SharePoint Workflow Designer Tips P5

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I want to start this part by talking about the rule of abstraction. Again, it is best practice to not hard-code any values inside your workflow code. Your workflow code should read at execution time all needed configuration values from external source. This is what we talked about in the previous part of workflow designer tips.

There is another place where abstraction can be applied. Inside your workflow code, you may need to interact with user values and groups. Usually you interact with users and groups in two places:

  • When you assign a task, you usually assign it to user or a group of users.
  • When you send email notification, you send it to a mail enabled user or group.

First tip is to avoid working with users and instead work with groups. This is the first level of abstraction. When you work with groups, you can externally modify the membership of the group and the magic happens right away. Even if you are assigning a task for a single user, you can assign it to a group that contains only that user. Later when that user leave the company and there is a need to change the task assignee, you can just change the membership of that group.

The second part of abstraction is to create a separate SharePoint list called Workflow Subscriptions for example, that contains two columns:

  • Subscription. (Data Type: Single line of text)
  • Subscriber. (Data Type: Person or Group)

Now, you can fill that list with values you wish. For example, if your workflow is sending email notifications to a group of people upon finishing the process of a new hire, you could create for example a new SharePoint or Active Directory group called (New Hire Notification Group), that contains the people that should be notified upon a new hire, and then create an entry in the Workflow Subscriptions like this:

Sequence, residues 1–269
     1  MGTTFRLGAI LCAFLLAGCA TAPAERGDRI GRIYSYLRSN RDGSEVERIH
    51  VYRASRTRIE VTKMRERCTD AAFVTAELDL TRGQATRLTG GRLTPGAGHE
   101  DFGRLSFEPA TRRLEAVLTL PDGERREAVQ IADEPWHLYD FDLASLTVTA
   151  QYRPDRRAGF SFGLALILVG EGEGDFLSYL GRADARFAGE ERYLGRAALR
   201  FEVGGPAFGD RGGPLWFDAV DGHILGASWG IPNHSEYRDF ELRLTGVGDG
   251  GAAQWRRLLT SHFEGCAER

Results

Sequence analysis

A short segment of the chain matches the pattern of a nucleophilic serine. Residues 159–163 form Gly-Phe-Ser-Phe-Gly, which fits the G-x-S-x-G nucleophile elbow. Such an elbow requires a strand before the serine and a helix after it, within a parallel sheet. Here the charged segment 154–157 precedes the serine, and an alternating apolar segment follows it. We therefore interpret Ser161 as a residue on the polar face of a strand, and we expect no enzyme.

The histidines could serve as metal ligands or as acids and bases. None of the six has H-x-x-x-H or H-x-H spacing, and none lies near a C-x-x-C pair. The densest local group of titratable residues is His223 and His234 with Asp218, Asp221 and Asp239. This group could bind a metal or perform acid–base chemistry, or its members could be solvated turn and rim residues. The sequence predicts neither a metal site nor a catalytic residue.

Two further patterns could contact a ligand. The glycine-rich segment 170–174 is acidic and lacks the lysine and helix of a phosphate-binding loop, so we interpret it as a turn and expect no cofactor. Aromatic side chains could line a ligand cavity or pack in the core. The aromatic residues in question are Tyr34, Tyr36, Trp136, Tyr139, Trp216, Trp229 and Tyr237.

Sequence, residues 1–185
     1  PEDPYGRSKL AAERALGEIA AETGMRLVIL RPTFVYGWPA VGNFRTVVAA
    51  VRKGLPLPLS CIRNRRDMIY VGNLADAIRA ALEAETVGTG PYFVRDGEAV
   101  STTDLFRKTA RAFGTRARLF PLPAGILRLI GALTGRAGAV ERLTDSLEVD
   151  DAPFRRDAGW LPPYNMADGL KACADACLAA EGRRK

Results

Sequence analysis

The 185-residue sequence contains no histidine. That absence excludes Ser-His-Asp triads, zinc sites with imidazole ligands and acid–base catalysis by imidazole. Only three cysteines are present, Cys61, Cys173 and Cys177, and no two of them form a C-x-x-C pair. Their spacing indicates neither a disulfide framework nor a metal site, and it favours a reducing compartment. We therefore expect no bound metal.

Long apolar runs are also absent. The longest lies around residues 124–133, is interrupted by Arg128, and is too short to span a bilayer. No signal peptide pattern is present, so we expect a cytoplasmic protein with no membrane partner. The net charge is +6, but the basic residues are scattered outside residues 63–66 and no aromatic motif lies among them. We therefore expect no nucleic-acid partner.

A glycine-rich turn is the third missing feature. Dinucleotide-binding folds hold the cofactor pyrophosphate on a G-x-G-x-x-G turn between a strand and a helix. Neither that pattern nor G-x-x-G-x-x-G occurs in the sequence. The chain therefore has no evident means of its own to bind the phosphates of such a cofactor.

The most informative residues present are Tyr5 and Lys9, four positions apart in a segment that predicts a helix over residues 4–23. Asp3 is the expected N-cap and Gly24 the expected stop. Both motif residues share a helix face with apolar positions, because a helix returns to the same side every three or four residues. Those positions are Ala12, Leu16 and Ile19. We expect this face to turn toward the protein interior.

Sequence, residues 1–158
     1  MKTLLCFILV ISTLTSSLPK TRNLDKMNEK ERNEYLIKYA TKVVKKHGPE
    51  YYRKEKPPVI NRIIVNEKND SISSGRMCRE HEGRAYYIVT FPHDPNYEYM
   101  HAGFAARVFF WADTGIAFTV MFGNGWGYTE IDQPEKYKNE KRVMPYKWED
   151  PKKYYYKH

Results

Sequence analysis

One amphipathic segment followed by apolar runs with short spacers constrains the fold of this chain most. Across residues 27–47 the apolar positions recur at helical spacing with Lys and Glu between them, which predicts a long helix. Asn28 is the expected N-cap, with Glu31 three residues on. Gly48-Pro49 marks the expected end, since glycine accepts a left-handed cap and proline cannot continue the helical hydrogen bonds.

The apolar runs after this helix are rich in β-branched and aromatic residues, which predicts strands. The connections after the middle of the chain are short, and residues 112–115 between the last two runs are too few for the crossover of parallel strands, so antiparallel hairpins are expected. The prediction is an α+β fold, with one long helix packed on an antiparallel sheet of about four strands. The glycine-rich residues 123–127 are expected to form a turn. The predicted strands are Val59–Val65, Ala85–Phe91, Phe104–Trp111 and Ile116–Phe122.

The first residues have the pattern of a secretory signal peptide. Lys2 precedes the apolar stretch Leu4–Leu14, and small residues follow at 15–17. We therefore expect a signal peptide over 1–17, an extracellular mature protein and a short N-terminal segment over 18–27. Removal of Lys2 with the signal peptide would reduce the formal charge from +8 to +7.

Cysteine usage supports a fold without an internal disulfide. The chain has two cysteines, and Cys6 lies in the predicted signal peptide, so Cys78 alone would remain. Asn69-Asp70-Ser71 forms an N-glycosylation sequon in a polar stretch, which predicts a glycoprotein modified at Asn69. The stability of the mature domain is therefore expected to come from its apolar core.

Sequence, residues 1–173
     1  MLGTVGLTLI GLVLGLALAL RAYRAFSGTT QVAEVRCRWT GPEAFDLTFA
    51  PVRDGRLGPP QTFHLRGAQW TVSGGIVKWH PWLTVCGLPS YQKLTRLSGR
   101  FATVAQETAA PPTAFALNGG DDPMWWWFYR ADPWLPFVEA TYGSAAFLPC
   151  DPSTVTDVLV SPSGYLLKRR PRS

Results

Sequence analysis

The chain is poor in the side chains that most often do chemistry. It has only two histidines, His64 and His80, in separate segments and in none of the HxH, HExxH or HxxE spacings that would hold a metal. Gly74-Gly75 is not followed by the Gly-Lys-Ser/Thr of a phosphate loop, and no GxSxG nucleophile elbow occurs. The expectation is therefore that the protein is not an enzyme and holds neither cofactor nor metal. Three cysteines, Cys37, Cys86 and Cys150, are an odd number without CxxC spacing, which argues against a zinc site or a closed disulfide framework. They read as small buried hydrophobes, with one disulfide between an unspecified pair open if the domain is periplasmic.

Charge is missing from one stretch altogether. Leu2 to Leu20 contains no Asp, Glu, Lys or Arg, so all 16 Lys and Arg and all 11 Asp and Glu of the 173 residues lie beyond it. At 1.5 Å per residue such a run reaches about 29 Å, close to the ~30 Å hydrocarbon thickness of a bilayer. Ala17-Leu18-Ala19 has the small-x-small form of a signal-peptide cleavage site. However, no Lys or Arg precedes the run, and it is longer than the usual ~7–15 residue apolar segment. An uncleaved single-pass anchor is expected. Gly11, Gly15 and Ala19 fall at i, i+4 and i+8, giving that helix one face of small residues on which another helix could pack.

• Subscription: New Hire Notification.
  • Subscriber: New Hire Notification Group.

Now inside your workflow designer, when you want to send email to notify people for a new hire, you do the following:

SharePoint Workflow Designer Tips P1 65554.JPG

The same applies if you want to assign a task to a group, you create an entry in the Workflow People list after you create a group called (New Hire First Approval Group):

  • Subscription: First Approval.
  • Subscriber: New Hire First Approval Group.

You can see that we talked in the previous part about the Configuration List and now we are talking about Workflow People list. The main difference between them is the data type of the columns. The Configuration list has two single line of text columns, while the Workflow People has one column with single line of text column, and the other is People of Group column. Together, these two lists will give you enough abstraction to remove any hard-coding from your workflow code, and makes your workflow code safe from direct changes.

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